"If we had spent that money in the summer then we wouldn’t have done that trade recently. It may have left us short, but the pieces just did not come together. We’ve come through that period now. I still feel it was the right decision."
That Ayre's dereliction of his duties didn't subsequently leave the managing director in a completely untenable position is largely thanks to Luis Suarez staying fit and playing some of the best football of his career. What could easily have happened had things not, at least in relative terms, worked out makes Ayre's argument that in the end he has been vindicated more than a little disconcerting. Liverpool, in many ways, were quite lucky. Yet instead of learning from that narrow escape, Ayre has chosen to see it as a validation of the choices he and the owners made.
Suggesting that Liverpool surviving until January has validated August's choices also undermines any claim that the club is in fact willing to go after older players in the right circumstances. After all, if Liverpool being left with one senior striker under a new manager the owners have just gambled the club's future on isn't a circumstance that justifies bringing in an older player to fill a short-term need, one really has to ask if there ever will be a right circumstance.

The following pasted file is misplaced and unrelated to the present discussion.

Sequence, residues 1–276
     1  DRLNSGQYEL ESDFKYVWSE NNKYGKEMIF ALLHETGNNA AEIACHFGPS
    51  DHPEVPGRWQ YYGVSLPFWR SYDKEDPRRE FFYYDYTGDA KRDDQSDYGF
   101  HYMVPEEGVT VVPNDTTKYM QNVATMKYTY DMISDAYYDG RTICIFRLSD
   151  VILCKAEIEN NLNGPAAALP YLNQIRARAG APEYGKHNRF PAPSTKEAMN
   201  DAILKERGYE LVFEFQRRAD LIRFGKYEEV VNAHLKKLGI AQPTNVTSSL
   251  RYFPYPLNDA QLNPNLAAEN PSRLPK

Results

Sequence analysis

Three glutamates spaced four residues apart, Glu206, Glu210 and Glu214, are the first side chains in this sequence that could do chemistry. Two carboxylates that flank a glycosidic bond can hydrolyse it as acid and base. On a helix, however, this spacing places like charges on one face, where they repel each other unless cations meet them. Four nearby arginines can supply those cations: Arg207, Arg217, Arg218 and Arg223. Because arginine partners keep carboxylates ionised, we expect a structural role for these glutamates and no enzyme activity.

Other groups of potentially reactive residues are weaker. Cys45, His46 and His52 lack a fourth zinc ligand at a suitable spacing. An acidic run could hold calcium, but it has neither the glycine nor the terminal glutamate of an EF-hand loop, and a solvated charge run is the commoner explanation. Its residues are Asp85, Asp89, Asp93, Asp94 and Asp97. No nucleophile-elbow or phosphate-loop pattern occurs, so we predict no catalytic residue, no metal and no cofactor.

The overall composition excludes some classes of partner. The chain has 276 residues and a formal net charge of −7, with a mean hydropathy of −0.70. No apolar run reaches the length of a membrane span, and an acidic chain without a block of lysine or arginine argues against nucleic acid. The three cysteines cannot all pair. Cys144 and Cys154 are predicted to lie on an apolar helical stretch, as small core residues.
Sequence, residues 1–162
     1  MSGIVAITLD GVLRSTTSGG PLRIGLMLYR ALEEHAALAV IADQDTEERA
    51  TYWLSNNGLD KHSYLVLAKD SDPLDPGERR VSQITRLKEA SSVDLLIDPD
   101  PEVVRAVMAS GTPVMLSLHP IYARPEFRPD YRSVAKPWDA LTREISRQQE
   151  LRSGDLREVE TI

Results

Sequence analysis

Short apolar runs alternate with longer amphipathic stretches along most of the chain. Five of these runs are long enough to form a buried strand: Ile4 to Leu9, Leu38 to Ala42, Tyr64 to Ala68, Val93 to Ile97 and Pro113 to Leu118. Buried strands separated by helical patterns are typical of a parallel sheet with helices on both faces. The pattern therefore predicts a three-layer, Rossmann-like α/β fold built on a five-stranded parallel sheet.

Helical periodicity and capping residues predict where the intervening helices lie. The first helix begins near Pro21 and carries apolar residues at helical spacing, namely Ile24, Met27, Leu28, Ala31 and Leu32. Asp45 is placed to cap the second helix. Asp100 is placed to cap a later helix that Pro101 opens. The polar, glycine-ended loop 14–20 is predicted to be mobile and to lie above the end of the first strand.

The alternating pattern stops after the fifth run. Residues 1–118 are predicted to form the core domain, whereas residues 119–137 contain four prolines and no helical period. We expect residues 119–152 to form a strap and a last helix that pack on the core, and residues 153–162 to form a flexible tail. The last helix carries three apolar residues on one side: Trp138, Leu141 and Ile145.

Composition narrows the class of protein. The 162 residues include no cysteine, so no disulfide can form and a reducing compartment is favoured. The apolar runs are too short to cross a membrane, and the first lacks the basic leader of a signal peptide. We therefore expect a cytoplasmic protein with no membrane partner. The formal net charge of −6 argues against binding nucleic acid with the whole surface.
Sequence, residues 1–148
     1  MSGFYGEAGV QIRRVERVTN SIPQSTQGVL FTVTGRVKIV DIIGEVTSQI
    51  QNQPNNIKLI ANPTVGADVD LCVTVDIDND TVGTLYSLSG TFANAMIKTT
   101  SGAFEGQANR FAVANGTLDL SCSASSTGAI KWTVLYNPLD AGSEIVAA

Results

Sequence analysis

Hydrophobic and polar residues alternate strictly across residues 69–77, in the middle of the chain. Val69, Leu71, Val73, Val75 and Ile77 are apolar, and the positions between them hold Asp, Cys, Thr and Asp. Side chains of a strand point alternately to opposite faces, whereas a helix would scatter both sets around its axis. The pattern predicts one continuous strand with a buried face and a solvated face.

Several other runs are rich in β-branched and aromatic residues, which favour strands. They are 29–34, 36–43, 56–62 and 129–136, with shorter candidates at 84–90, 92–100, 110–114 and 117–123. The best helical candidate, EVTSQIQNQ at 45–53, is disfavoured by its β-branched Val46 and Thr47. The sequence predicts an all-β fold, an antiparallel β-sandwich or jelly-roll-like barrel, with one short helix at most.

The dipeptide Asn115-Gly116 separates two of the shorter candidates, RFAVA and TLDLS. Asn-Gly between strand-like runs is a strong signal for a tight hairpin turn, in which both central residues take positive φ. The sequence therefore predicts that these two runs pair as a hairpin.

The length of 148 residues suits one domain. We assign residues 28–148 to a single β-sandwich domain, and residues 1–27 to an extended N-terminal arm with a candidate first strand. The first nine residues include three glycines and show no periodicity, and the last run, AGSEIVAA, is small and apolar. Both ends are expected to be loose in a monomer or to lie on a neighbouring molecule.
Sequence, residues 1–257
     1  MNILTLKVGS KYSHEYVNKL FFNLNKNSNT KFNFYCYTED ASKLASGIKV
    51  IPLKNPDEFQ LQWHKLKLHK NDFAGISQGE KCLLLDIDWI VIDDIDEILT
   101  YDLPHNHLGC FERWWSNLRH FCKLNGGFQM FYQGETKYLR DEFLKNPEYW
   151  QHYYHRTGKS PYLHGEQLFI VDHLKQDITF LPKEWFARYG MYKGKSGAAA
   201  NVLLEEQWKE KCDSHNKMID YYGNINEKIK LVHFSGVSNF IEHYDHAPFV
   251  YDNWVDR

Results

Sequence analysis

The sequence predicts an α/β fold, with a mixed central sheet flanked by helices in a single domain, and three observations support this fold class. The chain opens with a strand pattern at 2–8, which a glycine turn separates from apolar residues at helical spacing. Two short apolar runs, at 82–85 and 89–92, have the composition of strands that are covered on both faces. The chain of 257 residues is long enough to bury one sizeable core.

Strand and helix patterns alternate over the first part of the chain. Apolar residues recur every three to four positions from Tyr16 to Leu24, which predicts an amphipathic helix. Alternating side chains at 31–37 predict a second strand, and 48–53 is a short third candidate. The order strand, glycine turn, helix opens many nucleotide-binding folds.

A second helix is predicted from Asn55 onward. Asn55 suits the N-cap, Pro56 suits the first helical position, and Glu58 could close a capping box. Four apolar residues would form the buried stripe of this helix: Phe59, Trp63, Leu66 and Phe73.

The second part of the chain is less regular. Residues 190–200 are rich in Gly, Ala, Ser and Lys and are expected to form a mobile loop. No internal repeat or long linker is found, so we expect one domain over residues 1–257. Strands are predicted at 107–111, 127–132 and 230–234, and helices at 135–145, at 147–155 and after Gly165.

"You need to have a mix in your squad and we have probably got the best balance in terms of any team in the league," was Ayre's conclusion. "Our two most senior players have spent their whole careers at this football club. At the lower end we have a bunch of five or six very young players who have come through our Academy process and are now contributing for the first team.
"Then in the middle of that we’ve got world class international players like Luis Suarez, Daniel Agger, Martin Skrtel, Glen Johnson, Pepe Reina and Lucas Leiva. Then we’ve got international players like Luis Suarez who could be playing anywhere in the world—but he’s playing at Liverpool FC. That’s the right mix I think."
The problem, of course, is what happens to players like Luis Suarez and all the others Ayre counts as world class internationals if the club is still stuck around the middle of the Premier League table come the end of the season. The problem is what happens if the rather hefty sums being spent to bring in numerous younger players rather than on one or two proven but more senior options doesn't lead to Liverpool being in all that much better a place at the end of the next.
In the long run, Ayre and FSG's plan may work. Under their guidance the club may improve enough to make a push for the top four by next season. In the meantime, though, pointing to players left from the Benitez era and that Fenway inherited, or pointing to the good fortune of not being punished more for their August transfer failings as somehow validatory, will do little to reassure anyone that senior management know what they are doing and deserve to be the ones trusted with seeing such long-term plans to a satisfactory conclusion.